. . . Satnick and Spingarn requested that at the same time the Certificates be assigned to them, to which Abraham agreed. At no time during the negotiation of the Settlement did Satnick, Spingarn or their counsel state any intention or desire that Abraham assign title to the Certificates retroactive to November 1, 1971.
 Another event was unfolding, however, which would ultimately lead to this litigation. When Abraham, Spingarn, and Satnick settled their dispute, they were unaware that a class action had been filed against Westinghouse alleging that the proxy statement issued in connection with the Americar-Westcar merger did not adequately disclose the circumstances under which Westinghouse could lay claim to the escrow. Notice was not sent to the class until February, 1974, nearly a year after the arbitration settlement.
 In the spring of 1975, the class action was settled. Class definition, however, posed a problem. Since some sales of Interim Certificate were transacted on November, 1971, it was inappropriate to use ownership of the Certificates on October 29, when Westinghouse made its claim against the escrow, to define the plaintiff class. Logic required that those who had received full value for their Certificates, in sales occurring after Westinghouse asserted its claim, should be excluded, while those who paid full value, unaware that the Certificates had become worthless, should be included in the class. Accordingly, it was decided that owners of Interim Certificates as of November 2, 1971, should have the right to share in the settlement fund.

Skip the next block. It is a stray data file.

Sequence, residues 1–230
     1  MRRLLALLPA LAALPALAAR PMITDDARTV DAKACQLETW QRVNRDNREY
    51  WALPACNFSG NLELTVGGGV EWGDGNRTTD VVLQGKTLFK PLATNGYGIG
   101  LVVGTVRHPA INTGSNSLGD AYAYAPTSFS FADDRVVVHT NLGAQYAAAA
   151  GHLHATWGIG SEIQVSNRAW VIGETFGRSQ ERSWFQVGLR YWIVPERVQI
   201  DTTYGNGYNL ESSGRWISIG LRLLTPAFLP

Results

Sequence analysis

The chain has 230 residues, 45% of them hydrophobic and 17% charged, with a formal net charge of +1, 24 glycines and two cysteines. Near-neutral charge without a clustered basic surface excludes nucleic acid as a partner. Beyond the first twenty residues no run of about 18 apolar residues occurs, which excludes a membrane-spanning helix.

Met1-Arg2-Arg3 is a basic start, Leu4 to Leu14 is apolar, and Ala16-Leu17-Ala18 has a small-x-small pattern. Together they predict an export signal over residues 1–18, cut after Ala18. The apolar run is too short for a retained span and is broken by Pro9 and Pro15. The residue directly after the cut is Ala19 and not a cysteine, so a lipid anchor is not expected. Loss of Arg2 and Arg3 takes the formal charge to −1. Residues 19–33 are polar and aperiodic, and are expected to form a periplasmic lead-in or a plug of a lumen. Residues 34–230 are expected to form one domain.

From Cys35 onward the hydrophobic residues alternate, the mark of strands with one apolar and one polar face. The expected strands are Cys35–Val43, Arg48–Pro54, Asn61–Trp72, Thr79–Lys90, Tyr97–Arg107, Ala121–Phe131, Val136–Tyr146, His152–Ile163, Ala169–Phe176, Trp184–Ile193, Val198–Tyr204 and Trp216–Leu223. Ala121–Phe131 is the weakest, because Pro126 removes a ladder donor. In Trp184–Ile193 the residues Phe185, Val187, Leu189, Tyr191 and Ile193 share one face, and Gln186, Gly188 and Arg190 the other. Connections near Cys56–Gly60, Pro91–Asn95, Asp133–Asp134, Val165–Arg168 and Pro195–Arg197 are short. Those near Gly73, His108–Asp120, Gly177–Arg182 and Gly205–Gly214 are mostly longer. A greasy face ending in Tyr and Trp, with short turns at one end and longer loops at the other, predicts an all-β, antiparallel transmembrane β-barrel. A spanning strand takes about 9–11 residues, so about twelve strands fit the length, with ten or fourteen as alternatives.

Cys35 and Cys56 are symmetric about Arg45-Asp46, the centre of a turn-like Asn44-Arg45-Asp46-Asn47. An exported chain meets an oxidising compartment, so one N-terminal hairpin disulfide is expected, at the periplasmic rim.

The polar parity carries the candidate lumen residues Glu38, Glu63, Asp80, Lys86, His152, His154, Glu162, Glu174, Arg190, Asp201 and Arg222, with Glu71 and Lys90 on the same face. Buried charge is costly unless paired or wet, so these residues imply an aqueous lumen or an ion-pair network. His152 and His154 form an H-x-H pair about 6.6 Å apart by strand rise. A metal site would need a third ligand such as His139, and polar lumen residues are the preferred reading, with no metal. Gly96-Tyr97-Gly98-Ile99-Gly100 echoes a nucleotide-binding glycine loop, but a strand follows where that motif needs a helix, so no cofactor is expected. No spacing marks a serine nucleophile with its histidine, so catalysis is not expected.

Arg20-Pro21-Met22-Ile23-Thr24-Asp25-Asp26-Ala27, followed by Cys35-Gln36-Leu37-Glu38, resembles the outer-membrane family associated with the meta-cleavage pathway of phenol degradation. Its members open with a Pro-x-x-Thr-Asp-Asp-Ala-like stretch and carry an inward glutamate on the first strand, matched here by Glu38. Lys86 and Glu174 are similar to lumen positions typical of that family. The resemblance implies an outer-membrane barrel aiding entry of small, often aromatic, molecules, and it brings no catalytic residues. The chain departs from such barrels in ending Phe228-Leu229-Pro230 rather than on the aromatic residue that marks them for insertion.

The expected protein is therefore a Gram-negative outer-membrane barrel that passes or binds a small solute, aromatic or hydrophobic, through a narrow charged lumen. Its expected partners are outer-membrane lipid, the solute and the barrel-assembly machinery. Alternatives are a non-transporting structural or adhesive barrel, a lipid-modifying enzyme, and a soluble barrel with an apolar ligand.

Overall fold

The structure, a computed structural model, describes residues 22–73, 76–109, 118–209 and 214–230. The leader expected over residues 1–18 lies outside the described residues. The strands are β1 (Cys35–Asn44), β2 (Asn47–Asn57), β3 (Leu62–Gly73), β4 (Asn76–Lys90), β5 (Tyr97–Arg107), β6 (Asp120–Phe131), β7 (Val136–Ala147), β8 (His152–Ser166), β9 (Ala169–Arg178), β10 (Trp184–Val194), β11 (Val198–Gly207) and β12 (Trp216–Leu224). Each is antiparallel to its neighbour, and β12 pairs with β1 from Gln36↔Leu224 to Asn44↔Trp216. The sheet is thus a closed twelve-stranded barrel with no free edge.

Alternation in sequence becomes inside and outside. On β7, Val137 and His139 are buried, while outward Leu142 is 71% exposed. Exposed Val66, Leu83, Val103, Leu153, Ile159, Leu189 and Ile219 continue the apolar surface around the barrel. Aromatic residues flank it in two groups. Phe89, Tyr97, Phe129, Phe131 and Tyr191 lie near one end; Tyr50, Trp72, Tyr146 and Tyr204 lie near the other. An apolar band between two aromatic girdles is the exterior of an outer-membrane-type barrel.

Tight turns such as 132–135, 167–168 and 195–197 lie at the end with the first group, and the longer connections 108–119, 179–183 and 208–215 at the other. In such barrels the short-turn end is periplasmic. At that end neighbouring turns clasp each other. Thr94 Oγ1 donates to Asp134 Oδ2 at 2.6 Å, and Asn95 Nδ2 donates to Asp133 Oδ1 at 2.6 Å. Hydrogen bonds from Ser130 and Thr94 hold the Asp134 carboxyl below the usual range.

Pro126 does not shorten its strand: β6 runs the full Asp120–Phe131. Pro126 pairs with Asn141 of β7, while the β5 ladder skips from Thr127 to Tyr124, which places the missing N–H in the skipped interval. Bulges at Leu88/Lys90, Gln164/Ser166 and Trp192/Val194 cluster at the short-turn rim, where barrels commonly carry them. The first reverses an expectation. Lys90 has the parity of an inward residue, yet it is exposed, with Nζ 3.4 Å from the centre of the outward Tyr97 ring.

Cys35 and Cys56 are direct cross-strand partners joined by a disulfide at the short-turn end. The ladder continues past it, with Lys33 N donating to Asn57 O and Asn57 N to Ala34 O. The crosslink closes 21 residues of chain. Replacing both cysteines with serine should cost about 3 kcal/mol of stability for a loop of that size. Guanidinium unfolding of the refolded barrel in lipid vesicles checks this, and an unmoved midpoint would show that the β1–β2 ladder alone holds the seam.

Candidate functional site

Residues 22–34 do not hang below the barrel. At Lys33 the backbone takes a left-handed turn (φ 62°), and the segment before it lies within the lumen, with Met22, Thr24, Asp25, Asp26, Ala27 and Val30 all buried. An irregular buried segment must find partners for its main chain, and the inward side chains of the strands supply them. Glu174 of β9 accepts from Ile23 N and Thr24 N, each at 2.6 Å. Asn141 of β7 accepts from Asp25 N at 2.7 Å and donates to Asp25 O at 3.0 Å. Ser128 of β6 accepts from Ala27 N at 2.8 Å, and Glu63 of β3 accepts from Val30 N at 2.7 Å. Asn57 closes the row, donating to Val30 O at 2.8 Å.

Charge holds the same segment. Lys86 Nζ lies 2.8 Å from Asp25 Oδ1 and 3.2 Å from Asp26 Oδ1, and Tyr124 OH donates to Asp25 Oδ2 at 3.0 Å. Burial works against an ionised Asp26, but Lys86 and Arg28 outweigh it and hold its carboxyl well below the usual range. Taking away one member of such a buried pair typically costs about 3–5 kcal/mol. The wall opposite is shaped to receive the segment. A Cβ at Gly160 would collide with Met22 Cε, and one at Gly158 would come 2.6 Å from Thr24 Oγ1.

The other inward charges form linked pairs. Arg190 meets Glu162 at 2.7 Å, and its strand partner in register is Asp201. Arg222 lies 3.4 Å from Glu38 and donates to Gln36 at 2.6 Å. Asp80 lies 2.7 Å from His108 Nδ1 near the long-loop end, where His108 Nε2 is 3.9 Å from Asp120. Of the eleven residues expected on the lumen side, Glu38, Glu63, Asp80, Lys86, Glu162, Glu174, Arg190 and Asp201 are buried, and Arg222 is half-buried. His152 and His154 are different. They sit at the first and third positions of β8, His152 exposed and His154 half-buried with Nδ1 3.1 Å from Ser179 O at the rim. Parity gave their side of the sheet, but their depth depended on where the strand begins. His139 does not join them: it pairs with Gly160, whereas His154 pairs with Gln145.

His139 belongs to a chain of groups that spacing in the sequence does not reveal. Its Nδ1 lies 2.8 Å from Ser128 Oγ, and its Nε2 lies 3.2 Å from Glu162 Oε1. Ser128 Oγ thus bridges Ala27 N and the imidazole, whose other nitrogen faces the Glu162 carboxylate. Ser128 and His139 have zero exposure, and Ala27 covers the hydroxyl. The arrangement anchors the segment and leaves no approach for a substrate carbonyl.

Abraham approached Satnick and Spingarn with the proposal that this unexpected good fortune should be shared. Satnick and Spingarn refused Abraham’s request, and their claims to the fund were approved by Westinghouse and upheld by the district court.
 It is unfortunate that we can derive but scant guidance from the class definition in resolving the dispute before us. Underlying the delimitation of the plaintiff class was the assumption that all the losses engendered by Westinghouse’s claim against the escrow were absorbed by those who held Interim Certificates on November 2, 1971, when Westinghouse’s claim became universally known and the market for Interim
Certificates evaporated. Under the circumstances presented here, however, the total loss was distributed between the appellant and the appellees, in accordance with the arbitration settlement. Consequently, Abraham, Spingarn and Satnick are all to a greater or lesser extent “deserving” within the logic of the class definition.
 Abraham is thus able to argue that it suffered a loss with respect to the Certificates that the class action was brought to redress. This fact is scarcely subject to question; yet it does not materially aid the resolution of this dispute. Spingarn and Satnick, after all, also suffered injury. The problem presented to the district judge, and now to us, is how to choose between these rival claimants to the class action settlement fund. Sadly, someone is fated to endure his misfortune.